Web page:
Review Summary: Young Prisms pull up their bootstraps and deliver shatteringly loud, droning neo-psychedelia that will leave you paralyzed.2 of 2 thought this review was well written
If you find yourself tiring of familiar sounds while sitting atop the peak of modern critically acclaimed psychedelia, consider Young Prisms’ debut, “Friends for Now”
, an exhilarating breath of suspended freefall into phosphorescent abyss. Eschewing the languorous nature of most shoegazer bands, Young Prisms enter realms of impertinent and concentrated rocking; antonymous to the preconceived notions of the genre. While somewhat as derivative as their contemporaries, there’s something about the peppy approach this Californian quintet takes that makes this album more genuine than critics may be willing to give them credit for. Taking a sonic shotgun to the ears, songs such as “I Don’t Get Much” and “Breathless” mark a terse statement on the band’s part as they ride on waves of raucous guitar and steady krautrock rhythms. Adding to their reputation as shoegazer revisionists are the momentous shifts in tempo and dynamics that appear in the tense and focused tracks, “Sugar” and “Feel Fine”. The trip reaches its peak on the hallucinogenic and swaggering denouement, “Stay Awake”, ending the assault on your cerebral cortex, leaving you half deafened in its wake.
The only minor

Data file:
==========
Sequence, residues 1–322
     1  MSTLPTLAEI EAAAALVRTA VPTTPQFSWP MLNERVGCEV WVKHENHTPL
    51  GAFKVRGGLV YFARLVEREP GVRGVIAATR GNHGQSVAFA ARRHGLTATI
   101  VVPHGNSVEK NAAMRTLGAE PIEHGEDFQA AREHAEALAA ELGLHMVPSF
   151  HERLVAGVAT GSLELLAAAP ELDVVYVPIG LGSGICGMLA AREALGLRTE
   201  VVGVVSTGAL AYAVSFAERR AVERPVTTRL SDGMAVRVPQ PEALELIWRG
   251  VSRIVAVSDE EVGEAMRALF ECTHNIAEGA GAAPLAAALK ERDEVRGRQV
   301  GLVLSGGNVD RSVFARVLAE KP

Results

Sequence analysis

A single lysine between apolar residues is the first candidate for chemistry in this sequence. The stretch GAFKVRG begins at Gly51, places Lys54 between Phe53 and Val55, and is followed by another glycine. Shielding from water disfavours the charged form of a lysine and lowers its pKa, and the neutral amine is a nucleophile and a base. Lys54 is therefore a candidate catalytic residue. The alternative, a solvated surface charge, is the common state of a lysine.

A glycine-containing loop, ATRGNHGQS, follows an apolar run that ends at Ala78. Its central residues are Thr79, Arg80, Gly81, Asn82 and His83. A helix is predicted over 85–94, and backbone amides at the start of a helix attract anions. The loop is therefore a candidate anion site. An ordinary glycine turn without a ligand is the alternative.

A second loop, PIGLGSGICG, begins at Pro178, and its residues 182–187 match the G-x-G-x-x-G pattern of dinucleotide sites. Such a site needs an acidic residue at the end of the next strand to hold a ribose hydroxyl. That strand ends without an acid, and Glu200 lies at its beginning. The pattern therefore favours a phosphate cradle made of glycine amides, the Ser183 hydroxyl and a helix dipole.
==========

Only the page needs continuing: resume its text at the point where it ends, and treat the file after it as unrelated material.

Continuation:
complaint I have about this album is the consistent effort they put into paying tribute to the genre, while keeping innovations somewhat restrained. Like all of their contemporaries, keyboards shimmer, drums echo, and voices whir only to evaporate, making for a distinctly familiar setting. The band’s main
distinction (besides their uncharacteristically energetic nature) is the clear dichotomous composition of guitars. Though the oscillating tones meld into palpable and full-bodied atmospheres, you’ll often hear the guitars combat one another. As one enters bright and laconic lead parts, the other is taking broad strokes to paint a thick and vibrating buzz. Though somewhat jarring and heavy, there is a “lightness” to the music that keeps everything uniformly poppy
, akin to Jonathan Donahue’s early work with Mercury Rev and The Flaming Lips.
Shoegazer is often dubbed as “the scene that celebrates itself”
, and it’s easy to see why; flouting the doctrine that these bands adhered to is a difficult thing to do. While Young Prisms hold onto tradition, they’ve taken a detour into a sunnier and more urgent world that makes “Friends for Now”
such an engaging listening experience. Through their subtle surf-rock influences, bleeding heart chord changes, and ability to get locked into hypnotic dancey grooves, its easy to excuse them for sprinkling “oohs”
and various other familiar sounds throughout the album. While most of their psychedelic-pop contemporaries are often staid, Young Prisms pull up their bootstraps and deliver shatteringly loud, droning neo-psychedelia that will leave you paralyzed.